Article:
Despite the fact that occupancy was the only factor shown by the evidence in this case, the defendant received mail at the address for approximately one year, his driver's license showed the address as his home address, and his car was registered at the address. Taken together, this evidence shows more than temporary occupancy and points instead to defendant's maintaining the house. This assignment of error is overruled.
V.
    [8] Finally, the defendant argues the trial court erred in entering judgment against the defendant for the felony of maintaining a dwelling although the jury returned a verdict of guilty of knowingly maintaining a dwelling, a Class I misdemeanor. N.C. Gen. Stat. § 90-108(a)(7)(2001). Although the judgment form referenced the correct statute, it incorrectly referenced the charge as a felony. The judgment must be corrected to reflect the offense as a misdemeanor.    Defendant's remaining assignments of error were not brought forward in the brief and are therefore deemed abandoned. N.C. R. App. P. 28(a).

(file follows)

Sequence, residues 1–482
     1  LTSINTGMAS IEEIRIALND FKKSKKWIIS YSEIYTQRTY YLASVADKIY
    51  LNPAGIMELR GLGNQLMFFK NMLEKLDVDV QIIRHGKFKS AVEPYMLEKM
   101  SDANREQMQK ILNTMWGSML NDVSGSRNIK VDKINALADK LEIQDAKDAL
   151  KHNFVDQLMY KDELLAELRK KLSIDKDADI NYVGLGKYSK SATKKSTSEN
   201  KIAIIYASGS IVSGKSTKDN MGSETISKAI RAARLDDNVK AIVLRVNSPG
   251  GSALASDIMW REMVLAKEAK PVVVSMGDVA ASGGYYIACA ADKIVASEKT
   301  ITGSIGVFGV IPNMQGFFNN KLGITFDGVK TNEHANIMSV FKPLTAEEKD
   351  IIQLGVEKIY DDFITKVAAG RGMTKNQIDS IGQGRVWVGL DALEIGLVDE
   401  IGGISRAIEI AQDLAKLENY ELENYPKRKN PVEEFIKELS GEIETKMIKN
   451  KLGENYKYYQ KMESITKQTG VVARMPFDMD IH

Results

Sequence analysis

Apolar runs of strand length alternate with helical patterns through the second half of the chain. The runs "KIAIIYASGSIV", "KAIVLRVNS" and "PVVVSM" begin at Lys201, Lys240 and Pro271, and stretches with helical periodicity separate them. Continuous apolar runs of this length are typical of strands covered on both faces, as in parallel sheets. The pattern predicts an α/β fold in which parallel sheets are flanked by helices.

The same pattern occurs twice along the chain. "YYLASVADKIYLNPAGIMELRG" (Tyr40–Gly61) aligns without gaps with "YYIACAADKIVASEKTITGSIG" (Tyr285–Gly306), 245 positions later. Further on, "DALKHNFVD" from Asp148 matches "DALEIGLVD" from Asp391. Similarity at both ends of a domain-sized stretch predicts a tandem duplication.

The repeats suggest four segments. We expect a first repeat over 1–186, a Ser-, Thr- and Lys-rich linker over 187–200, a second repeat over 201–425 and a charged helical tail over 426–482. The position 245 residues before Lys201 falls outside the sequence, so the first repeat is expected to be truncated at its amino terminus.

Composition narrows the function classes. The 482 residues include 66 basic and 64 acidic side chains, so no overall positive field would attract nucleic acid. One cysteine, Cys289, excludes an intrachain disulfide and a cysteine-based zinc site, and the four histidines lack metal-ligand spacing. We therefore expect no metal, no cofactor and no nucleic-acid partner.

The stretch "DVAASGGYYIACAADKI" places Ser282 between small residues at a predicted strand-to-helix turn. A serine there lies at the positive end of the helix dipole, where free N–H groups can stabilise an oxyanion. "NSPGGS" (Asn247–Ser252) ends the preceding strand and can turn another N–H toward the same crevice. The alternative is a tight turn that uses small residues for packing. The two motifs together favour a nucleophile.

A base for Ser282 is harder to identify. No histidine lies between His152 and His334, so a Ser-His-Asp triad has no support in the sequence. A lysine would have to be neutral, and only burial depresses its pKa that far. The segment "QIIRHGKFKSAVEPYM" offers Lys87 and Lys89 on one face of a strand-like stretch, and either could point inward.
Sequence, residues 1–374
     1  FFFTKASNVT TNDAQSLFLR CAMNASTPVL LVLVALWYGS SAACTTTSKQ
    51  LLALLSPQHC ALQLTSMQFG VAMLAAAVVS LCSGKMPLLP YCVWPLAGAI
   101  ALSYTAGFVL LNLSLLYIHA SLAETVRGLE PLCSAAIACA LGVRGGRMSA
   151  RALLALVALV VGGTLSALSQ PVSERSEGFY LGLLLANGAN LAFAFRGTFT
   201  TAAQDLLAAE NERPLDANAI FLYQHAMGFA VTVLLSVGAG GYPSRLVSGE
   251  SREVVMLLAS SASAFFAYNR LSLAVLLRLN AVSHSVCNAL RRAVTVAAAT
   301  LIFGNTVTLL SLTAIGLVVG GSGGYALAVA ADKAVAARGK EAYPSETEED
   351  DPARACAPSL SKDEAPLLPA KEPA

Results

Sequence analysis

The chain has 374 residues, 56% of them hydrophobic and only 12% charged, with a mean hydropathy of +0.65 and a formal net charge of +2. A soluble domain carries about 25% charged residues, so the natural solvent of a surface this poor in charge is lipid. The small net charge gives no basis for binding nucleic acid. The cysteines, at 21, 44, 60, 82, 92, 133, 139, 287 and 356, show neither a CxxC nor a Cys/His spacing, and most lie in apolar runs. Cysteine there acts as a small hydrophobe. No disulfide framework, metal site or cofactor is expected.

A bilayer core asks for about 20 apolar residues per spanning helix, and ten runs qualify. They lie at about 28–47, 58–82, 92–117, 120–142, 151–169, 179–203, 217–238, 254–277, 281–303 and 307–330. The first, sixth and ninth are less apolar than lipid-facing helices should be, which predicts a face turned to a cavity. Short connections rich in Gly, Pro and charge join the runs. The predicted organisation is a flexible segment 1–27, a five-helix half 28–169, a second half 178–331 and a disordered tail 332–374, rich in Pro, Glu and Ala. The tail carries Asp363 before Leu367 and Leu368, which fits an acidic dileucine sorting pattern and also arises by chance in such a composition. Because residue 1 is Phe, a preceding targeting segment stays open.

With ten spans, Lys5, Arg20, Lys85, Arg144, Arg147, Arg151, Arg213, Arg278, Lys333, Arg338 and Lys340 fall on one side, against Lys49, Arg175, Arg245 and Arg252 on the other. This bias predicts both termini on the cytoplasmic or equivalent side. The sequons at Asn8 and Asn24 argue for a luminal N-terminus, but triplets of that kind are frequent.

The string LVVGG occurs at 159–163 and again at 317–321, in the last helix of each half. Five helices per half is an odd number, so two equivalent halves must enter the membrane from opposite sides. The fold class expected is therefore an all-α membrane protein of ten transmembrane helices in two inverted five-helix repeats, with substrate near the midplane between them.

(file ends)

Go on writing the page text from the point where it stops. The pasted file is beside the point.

No error in trial; remanded for correction of judgment.
    Judges BRYANT and GEER concur.